The “Sunday Times”Political Editor
A lesser known fact among most politically literate Sri Lankans was a directive Prime Minister Ranil Wickremesinghe issued to all parliamentarians of his United National Front (UNF) ahead of the National New Year. On Monday April 9 he told them to refrain from criticising the 16 Sri Lanka Freedom Party (SLFP) MPs who had voted in favour of the no-confidence motion against him. That comprised six Ministers, the Deputy Speaker, four State Ministers and five Deputy Ministers.
The backdrop to Wickremesinghe’s directive, also lesser known, was a meeting a three-member United National Party (UNP) delegation had with President Sirisena, leader of the SLFP, on Sunday April 8. It comprised Ministers Malik Samarawickrema, Mangala Samaraweera and Vajira Abeywardena. Their talks were centred on wide-ranging issues over intra-party relations and how the coalition partners should move forward together. Thus it covered the role played by the 16 SLFP MPs, too.
Though he is loathed by sections in the UNP, Minister Samarawickrema to his credit has won the confidence of Sirisena both for himself and his party. During talks with Wickremesinghe on Thursday April 12, it was the President who told the Premier that he would like to see Malik hold the post of Minister of Social Empowerment (Samurdhi), Welfare and Kandyan Heritage even temporarily. This week he was even acting for Finance Minister Mangala Samaraweera who was with the President in London. Samarawickrema has also emerged as a sort of ‘Man of the Match’ after the no-confidence motion against the Premier. He lobbied intensely in Wickremesinghe’s favour. His style of diplomacy paid off and all in the UNF voted against the motion.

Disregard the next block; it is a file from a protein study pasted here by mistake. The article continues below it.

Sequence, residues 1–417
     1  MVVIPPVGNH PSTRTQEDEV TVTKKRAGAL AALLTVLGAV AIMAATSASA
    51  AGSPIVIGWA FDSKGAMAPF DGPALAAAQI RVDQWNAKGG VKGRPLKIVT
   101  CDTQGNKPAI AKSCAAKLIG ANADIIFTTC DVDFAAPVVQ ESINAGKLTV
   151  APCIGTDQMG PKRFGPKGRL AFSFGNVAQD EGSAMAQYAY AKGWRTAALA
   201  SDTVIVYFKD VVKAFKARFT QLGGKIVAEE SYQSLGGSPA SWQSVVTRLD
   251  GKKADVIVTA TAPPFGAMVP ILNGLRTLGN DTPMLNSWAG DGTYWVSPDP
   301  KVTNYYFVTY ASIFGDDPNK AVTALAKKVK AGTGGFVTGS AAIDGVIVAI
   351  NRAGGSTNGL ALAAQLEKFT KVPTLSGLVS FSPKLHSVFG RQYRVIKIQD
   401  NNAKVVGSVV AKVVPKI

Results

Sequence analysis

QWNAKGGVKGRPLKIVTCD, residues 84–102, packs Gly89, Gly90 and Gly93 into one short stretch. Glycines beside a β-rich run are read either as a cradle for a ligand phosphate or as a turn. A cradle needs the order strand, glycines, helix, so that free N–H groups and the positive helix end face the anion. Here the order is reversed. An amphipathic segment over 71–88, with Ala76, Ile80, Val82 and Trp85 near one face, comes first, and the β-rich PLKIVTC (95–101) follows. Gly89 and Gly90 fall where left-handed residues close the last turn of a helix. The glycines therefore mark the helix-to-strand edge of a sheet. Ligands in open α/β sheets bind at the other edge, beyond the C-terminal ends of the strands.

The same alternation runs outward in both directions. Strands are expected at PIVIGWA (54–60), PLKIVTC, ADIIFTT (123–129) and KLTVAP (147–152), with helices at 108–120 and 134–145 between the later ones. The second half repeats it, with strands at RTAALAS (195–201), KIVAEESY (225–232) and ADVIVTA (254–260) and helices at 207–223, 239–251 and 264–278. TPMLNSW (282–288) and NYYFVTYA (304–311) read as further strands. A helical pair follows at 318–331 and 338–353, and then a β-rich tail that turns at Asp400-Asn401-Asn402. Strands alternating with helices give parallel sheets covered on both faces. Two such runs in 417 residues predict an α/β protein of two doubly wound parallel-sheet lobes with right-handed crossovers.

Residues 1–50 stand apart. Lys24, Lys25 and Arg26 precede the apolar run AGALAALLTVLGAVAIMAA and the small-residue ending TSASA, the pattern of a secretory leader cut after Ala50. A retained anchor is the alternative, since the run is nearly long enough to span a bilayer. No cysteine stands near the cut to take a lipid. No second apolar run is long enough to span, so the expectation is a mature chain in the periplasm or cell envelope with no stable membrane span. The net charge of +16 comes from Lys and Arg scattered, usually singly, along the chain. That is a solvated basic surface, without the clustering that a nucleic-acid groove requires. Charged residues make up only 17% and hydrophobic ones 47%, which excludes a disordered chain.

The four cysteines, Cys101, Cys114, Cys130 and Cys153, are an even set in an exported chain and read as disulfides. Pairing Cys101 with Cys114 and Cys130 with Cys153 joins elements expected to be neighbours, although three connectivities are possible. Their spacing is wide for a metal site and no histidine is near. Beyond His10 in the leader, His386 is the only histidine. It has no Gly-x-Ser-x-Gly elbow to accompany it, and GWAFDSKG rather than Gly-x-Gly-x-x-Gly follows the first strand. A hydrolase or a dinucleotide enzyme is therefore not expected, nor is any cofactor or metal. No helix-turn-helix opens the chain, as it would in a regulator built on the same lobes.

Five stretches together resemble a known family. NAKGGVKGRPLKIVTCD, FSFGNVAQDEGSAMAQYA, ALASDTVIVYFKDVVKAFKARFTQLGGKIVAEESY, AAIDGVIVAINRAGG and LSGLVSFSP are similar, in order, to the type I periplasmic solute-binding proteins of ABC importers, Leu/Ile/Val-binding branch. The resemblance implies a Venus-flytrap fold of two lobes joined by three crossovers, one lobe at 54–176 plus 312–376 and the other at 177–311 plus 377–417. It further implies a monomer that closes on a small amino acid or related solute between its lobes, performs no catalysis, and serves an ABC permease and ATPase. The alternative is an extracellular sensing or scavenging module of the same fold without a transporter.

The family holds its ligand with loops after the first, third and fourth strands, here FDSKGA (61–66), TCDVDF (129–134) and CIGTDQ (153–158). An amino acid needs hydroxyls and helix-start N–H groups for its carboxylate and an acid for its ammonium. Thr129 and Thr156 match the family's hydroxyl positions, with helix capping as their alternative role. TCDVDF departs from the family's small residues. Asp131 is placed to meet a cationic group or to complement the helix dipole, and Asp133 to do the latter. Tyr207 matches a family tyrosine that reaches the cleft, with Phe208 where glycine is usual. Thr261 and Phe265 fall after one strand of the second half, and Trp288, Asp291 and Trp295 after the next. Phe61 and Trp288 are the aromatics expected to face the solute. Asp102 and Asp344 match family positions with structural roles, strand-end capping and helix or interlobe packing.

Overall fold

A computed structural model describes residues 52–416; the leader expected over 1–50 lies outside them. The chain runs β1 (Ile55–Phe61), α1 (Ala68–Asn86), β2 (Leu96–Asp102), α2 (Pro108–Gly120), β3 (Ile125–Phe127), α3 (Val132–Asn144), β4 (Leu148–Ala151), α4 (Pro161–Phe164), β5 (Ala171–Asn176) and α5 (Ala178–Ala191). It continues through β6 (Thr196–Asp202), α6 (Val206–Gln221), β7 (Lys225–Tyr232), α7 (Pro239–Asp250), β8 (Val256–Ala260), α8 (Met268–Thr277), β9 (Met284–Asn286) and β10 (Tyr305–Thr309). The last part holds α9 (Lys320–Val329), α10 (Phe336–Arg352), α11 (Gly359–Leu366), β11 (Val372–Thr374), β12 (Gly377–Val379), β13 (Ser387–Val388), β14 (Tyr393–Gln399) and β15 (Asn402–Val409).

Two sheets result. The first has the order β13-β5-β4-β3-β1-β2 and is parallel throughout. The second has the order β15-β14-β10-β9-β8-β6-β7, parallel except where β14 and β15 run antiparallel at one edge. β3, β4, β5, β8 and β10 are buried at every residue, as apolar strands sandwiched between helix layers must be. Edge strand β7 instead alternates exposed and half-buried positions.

The trio reported back to their party leadership that their discussion was “very cordial and Sirisena gave them a favourable hearing.” According to them, he had even concurred with the representations made on behalf of the UNP that the rebellious 16 have ceded their right to remain in the Cabinet. That was expressly on the grounds that they had voiced their no confidence in the Prime Minister and thus their inability to work with him. The delegation left convinced Sirisena would act on their representations. This singular development ahead of the National New Year appears to have augured well for both Sirisena and Wickremesinghe, at least for the time being.